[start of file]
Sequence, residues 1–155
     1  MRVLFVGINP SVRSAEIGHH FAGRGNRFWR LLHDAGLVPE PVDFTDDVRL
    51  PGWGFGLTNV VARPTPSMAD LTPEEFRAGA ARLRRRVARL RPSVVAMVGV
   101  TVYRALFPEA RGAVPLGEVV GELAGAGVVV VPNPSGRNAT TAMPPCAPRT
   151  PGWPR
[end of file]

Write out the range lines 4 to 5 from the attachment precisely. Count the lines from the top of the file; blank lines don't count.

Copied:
   101  TVYRALFPEA RGAVPLGEVV GELAGAGVVV VPNPSGRNAT TAMPPCAPRT
   151  PGWPR